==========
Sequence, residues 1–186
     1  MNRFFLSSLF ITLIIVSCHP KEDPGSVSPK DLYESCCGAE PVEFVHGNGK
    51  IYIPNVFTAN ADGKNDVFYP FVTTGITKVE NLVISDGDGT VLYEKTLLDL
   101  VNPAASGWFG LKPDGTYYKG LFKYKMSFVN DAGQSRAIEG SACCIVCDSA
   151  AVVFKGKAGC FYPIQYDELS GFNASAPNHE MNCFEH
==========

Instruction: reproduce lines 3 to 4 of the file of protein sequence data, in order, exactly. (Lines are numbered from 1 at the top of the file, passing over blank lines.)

    51  IYIPNVFTAN ADGKNDVFYP FVTTGITKVE NLVISDGDGT VLYEKTLLDL
   101  VNPAASGWFG LKPDGTYYKG LFKYKMSFVN DAGQSRAIEG SACCIVCDSA